[Videolib] Basta!

Jessica Rosner (jrosner@kino.com)
Wed, 22 Sep 2004 15:50:33 -0400

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sorry Gary I was not belittling it but just the idea the VCRs were somehow
or unavailable. I finally had to give mine up after 17 years, a lovely old
I STILL have the 17 year TV it came with and the remote is LITERALLY being
held together with tape

I am a PROUD luddite

Jessica Rosner
Kino International
333 W 39th St. 503
NY NY 10018

From: Gary Handman <ghandman@library.berkeley.edu> Reply-To: videolib@library.berkeley.edu Date: Wed, 22 Sep 2004 12:13:19 -0700 To: videolib@library.berkeley.edu Subject: Re: [Videolib] Basta!

...not an inconvenience, Jessica--a cultural catastrophe. We're a culture which allows the marketplace to determine survival or death of cultural capital...or, even worse, the nature of cultural capital itself.

As far as DVD goes, it may be that many independent producers of non-fiction film make the leap to the new format before the fall of VHS. Nonetheless, there are going to be large chunks of our collection which never cross-over. An interesting phenomenon--those of us who have thought of ourselves as curating largely commercial collections are increasingly forced to become archivists as well.


At 12:52 PM 9/22/2004 -0400, you wrote: I think it will MANY years possibly decades before VHS would reasonably considered an obsolete format in terms of availability of players for now the fact that tens of thousands of titles have not /will not make it to DVD is just an inconvenience. Based on Dennis & Gary's assessment DVD may no longer be the dominant format by the time VHS would even be considered obsolete.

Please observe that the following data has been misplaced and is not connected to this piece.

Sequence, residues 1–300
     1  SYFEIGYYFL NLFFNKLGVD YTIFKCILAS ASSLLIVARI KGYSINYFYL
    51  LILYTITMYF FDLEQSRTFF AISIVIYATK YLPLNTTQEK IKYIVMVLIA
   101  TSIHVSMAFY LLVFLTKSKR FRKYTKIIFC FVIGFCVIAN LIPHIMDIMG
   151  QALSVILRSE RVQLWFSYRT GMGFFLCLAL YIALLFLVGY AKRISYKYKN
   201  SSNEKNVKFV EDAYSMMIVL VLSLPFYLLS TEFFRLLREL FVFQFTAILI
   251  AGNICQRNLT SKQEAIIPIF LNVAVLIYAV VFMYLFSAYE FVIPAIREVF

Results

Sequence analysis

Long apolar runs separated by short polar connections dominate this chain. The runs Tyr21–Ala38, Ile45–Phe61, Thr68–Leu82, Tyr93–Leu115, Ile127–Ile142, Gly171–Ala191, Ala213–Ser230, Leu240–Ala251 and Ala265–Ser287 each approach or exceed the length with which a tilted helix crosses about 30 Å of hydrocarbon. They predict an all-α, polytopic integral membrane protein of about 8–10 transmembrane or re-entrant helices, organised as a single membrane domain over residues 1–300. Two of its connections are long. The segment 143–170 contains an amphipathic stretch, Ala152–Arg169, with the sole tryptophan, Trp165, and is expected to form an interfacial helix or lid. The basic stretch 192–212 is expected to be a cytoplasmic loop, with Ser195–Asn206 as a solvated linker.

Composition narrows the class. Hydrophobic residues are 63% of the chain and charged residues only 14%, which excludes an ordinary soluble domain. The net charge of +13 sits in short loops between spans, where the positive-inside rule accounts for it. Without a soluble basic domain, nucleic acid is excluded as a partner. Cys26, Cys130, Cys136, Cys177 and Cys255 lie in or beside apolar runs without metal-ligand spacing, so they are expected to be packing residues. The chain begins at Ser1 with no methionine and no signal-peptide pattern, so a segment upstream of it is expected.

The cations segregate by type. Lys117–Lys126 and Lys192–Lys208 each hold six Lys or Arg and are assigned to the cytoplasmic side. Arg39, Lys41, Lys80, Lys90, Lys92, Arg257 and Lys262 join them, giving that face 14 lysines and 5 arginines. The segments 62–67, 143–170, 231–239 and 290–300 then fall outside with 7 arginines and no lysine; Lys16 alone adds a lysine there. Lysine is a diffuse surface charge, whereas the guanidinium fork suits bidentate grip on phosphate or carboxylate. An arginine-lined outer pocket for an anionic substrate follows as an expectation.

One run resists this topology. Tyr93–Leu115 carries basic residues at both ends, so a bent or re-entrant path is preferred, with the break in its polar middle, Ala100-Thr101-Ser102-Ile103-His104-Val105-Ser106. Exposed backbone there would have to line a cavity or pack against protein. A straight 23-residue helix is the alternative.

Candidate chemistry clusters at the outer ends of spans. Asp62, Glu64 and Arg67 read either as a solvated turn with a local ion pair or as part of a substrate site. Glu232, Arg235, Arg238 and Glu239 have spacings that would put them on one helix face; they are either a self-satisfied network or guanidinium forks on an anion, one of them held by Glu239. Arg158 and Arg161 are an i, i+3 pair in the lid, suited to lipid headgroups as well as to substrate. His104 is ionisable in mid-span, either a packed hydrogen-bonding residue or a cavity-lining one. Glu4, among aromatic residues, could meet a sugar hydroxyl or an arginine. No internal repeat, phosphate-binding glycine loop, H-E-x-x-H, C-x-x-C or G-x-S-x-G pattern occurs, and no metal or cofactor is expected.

Jessica ( who still does not own a DVD player but has a satellite dish to get Cub games)

Jessica Rosner
Kino International
333 W 39th St. 503
NY NY 10018

From: "Brewer, Michael" <brewerm@u.library.arizona.edu> Reply-To: videolib@library.berkeley.edu Date: Wed, 22 Sep 2004 08:59:32 -0700 To: "'videolib@library.berkeley.edu'" <videolib@library.berkeley.edu> Subject: RE: [Videolib] Basta!


If a film is not available for sale on newer format and the player needed is no longer available at a "reasonable price," then one can transfer the film to a new medium. This, however, would not be currently possible for those films on DVD that have piracy protection software on them, were that technology to suddenly become obsolete, and players become unavailable, as it is illegal to circumvent this software except for a very few reasons stated by the Librarian of Congress. Of course, this could change (and hopefully it will change so that it becomes legal to circumvent these software controls in order to use portions of these films as allowed under the TEACH act or fair use, which currently do not seem to be provided for).


Michael Brewer

Slavic Studies, German Studies & Media Arts Librarian

University of Arizona Library A210

1510 E. University

P.O. Box 210055

Tucson, AZ 85721

Voice: 520.307.2771

Fax: 520.621.9733

brewerm@u.library.arizona.edu -----Original Message----- From: Mary Seligman [mailto:mseligman@portnet.k12.ny.us] Sent: Wednesday, September 22, 2004 5:22 AM To: videolib@library.berkeley.edu Subject: Re: [Videolib] Basta!

Gary raises an important issue. I am a librarian in a high school. We have a centralized audio/visual department that's part of our library. Currently, we have 3,000 items in VHS format. Many of these items are shown daily. What happens when VHS is gone -- either replacement players of replacement tapes? Mary Seligman Library Media Specialist Paul D. Schreiber High School Port Washington, NY 11050

Gary Handman Director Media Resources Center Moffitt Library UC Berkeley ghandman@library.berkeley.edu http://www.lib.berkeley.edu/MRC

<http://www.lib.berkeley.edu/MRC> ****

"Movies are poems, a holy bible, the great mother of us." --Ted Berrigan

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